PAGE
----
“The ESPAD survey released today shows some positive trends when it comes to alcohol consumption among Irish children, particularly declines in heavy episodic drinking and drunkenness from the 2011 survey, which are very welcome,” said Conor Cullen, Head of Communications and Advocacy with Alcohol Action Ireland.
“However, it is important to remember that these are children and therefore we still have a long way to go in terms of protecting them from the large risks to their health and wellbeing from drinking alcohol at a young age, with over a quarter of them reporting having had their first drink at age 13-years-old or younger.
“ESPAD’s target population is defined as students who turn 16 in the calendar year of the survey and therefore they are all aged 15 and 16-years-old, which is still too young for alcohol to be part of their lives and particularly to be drinking on a regular basis.
“Children and young people are particularly vulnerable to alcohol-related harms and risks, as their bodies and brains are still developing, while the younger a child starts to drink alcohol the more likely it is they will develop problems with alcohol misuse in the future. Therefore, delaying the age of drinking initiation is important for a child’s health in both the short and long-term.”
Some of the key findings from the 2015 ESPAD survey in relation to alcohol consumption in Ireland:
- 77% feel it is ‘fairly easy’ or ‘very easy’ to obtain alcohol, with girls (79%) finding it easier than boys (75%) to obtain alcohol
- 27% had their first experience of alcohol at the age of 13 or younger (31% of boys and 23% of girls)
- 74% have used alcohol during their lifetime (boys 72% and girls 75%)
- 35% have used alcohol in the past 30 days (boys 34% and girls 36%)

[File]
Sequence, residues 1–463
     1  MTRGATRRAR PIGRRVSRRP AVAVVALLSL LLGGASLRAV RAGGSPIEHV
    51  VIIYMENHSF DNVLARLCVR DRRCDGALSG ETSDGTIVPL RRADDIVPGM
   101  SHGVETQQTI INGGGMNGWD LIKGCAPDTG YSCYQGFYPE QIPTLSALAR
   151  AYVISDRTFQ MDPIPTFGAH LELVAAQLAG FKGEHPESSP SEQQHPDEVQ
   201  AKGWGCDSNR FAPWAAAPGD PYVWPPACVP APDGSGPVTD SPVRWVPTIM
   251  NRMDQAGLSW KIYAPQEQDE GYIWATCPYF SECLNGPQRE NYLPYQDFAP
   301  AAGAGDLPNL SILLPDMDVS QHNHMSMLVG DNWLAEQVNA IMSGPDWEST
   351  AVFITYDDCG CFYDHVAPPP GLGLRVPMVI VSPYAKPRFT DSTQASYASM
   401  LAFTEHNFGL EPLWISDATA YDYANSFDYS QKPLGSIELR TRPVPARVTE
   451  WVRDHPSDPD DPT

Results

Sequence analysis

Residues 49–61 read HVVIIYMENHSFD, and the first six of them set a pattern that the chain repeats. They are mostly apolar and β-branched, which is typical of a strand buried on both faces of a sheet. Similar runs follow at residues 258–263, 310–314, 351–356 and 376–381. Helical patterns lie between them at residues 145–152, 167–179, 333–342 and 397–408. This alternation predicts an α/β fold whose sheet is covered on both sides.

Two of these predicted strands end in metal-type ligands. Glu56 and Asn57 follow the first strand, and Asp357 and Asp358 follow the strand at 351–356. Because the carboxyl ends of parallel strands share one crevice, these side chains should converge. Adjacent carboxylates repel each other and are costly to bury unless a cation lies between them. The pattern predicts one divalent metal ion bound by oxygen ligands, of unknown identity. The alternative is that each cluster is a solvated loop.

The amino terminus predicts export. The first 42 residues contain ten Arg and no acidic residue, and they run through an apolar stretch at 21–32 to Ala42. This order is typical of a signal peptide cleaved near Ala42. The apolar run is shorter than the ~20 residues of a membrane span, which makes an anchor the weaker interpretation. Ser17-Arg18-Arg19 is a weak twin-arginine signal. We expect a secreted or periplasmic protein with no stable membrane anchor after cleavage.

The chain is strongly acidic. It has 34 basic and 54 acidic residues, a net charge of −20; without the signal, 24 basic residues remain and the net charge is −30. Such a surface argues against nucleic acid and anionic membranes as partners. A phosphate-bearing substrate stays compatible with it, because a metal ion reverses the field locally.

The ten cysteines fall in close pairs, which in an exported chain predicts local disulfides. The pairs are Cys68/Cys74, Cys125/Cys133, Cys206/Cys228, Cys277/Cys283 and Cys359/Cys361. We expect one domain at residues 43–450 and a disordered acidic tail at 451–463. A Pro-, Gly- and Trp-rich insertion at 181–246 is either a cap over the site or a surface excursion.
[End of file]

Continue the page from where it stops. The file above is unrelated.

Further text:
- 13% have been intoxicated in the past 30 days (boys 14% and girls 13%)
- 4 occasions – the average frequency of alcohol intake in the past 30 days (4.8 for boys and 3.8 for girls)
- 6 centilitres of pure alcohol – the average alcohol intake on the last drinking day (6.5 boys and 5.4 girls)
- 28% – prevalence of heavy episodic drinking (five or more drinks – one drink contains approximately two centilitres of pure alcohol) at least once in the last 30 days (28% for both boys and girls)
- Irish boys more likely to drink beer and cider than girls, while girls are more likely to drink spirits and alcopops than boys
“While it is encouraging that Ireland is below the European average in a number of important ESPAD categories, it is also notable that exceptions to this include the number of boys and girls who were drunk in the previous 30 days and the average alcohol intake on the last day of drinking. This reflects the trend of heavy episodic drinking, or drinking to the point of drunkenness, which is commonplace throughout all age groups and responsible for a large burden of alcohol harm in Ireland,” said Mr Cullen.
“When children and young people are consuming large volumes of alcohol in a short space of time then they are putting themselves in immediate danger, not just in terms of alcohol’s direct impact on their physical and mental health, but also the poor decision-making, accidents and the other forms of risky behaviour that we know go hand-in-hand with binge drinking.
“One of the most disappointing aspects of this survey is that over three quarters of Irish 15 and 16-year-olds still find it easy to obtain alcohol, which is reflective of both the massive increase of the availability of alcohol in outlets throughout Ireland in recent years and the ongoing failure of the current regulations to protect children from alcohol harm.
“The reality is that, as a result of the emerging dominance of the off-trade, particularly supermarkets, alcohol is now more widely available and affordable than it has ever been, while children are also heavily exposed to, and influenced by, alcohol marketing, which is a constant presence in their lives and reassures them that alcohol is central to belonging, enjoying life, popularity, sporting prowess, and a seemingly endless list of desirable traits, but the serious risks to their health and wellbeing from alcohol at a young age are notably absent.
“The World Health Organisation (WHO) have made it clear that the overwhelming evidence shows that tackling alcohol pricing, marketing and availability are the most effective, and cost-effective, measures for reducing alcohol harm in a country and with three alcohol-related deaths every day it is beyond time that we took action on this vital public health issue.
“It is these WHO-recommended measures, contained in Ireland’s Public Health (Alcohol) Bill, which will support our teenagers and their parents in their efforts to make healthy choices in relation to alcohol consumption and ensure that the encouraging progress reflected in many categories in this latest ESPAD report is sustained and results in positive, lasting change to our harmful drinking culture.”